Gladwell also doesn’t touch on the fact that another form of social media–text messaging–DID have a huge role in the campaign. While people in other countries weren’t being constantly getting text message updates like they were with Tweets, Iranian activists in Iran used this technology to organize rallies, slogans, and marches. They used it to tell each other where NOT to go. They used it to help each other. The government did what it could to bog down the communication networks (both the Internet and SMS), but people both inside and outside Iran made strides in creating work-arounds to the blocks, like secure server space outside of Iran for use in protest-organizing message boards.
Many scholars have previously touched on themes of the role of civil society in fomenting change in authoritarian societies through these expansive networks. Keck’s and Sikkink’s (1998) seminal work Activists Beyond Borders goes into great detail about the ability for interconnected civil societies in domestic and expatriate/diasporic communities to create visible political action. The Boomerang Pattern, as they deem it, occurs when political action fails in a domestic sphere, but it gains new life in a transnational civil society network. The civil society in the domestic sphere relays the information to its partners in the expatriate community, and that expatriate community uses its influence to stress its host government to apply pressure to the original “offending” authoritarian government. In this situation, technology–like Twitter and Facebook–can facilitate communication within that network, thus increasing the speed with which domestic political actors can circumvent traditional domestic mechanisms of protest and bring about change from the outside. I don’t think Gladwell gives this aspect of social media enough credit.
I also think Gladwell’s comparison to the protest movements in Iran and Moldova to the American Civil Rights Movement, while thought-provoking, is problematic in one crucial, yet overlooked, assumption: While both eras exhibited these people actors fighting for a just cause, the United States was, and continues to be, a functioning democracy. There exists popular and legal recourse for injustice. Moldova and Iran can claim all the democratic structures they want: their governments are cronyist and corrupt. They don’t have the luxury of the government listening to them at any point down the road.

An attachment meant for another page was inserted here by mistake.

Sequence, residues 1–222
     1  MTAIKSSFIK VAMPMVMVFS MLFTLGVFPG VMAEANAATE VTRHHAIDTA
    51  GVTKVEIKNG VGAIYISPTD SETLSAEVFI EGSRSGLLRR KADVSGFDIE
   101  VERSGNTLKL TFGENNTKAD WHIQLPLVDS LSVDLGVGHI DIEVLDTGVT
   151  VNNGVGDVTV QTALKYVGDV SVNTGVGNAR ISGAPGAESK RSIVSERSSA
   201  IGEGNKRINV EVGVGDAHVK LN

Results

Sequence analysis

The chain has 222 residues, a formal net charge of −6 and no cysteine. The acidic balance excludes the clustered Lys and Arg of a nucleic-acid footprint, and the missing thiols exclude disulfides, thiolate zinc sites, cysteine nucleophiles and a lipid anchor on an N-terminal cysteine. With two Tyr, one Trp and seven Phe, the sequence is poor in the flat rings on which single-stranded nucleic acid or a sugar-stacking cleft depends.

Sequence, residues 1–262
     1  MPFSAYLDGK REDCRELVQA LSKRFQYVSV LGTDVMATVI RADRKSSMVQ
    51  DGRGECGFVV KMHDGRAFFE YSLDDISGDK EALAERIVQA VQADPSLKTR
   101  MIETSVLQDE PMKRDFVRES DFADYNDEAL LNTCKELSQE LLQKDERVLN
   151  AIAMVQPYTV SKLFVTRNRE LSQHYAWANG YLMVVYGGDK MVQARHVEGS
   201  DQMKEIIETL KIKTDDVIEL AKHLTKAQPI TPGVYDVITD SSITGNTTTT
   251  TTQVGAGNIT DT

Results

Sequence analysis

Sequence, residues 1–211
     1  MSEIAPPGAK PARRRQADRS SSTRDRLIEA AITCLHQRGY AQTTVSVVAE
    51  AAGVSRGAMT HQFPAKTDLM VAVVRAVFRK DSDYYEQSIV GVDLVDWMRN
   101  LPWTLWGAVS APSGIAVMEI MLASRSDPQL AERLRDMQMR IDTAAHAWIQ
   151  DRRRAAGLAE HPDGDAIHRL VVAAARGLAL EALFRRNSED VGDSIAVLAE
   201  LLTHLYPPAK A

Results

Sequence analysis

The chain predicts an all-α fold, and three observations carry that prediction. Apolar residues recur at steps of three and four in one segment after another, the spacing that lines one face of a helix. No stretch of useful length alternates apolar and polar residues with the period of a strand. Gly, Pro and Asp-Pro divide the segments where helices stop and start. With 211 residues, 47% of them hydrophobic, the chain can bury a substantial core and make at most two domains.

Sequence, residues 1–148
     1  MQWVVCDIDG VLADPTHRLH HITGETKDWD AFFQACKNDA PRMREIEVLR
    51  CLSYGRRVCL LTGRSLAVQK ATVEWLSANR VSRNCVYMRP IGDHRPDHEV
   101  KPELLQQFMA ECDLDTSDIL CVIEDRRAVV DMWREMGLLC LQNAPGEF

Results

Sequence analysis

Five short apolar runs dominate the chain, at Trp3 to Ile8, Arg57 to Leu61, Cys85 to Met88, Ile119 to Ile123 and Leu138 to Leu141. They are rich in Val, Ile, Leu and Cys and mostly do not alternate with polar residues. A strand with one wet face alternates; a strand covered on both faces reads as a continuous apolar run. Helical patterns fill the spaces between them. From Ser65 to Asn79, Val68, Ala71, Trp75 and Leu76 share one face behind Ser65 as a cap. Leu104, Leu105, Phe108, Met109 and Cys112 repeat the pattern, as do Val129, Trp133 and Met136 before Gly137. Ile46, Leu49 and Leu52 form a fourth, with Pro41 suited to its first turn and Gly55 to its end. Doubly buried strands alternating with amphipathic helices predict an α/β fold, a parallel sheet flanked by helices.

A final issue I have with the piece is the final anecdote about the lost “Sidekick” (from Shirky’s Here Comes Everybody). Aside from the fact the contrast belittles the efficacy of transnational sociopolitical networks, the juxtaposition of the “successful” retrieval of the person’s lost cellphone screams “racial undertones.” I just thought that was disturbing to have in the same article where the bulk of it was spent discussing the harrowing trials of Blacks in the 1960s.
Since last June, a lot of scholars and writers have discussed the effectiveness of electronic social media and revolutionary activity. Gladwell is another in the “it’s not going to get the job done” camp. I have no doubt that they’ve all done extensive research on the topic before coming to their conclusions. And really, there was no revolution in Iran. Therefore, it failed to help. Right? Well, according to this “slacktivist,” if you think social media was worthless, you weren’t paying attention.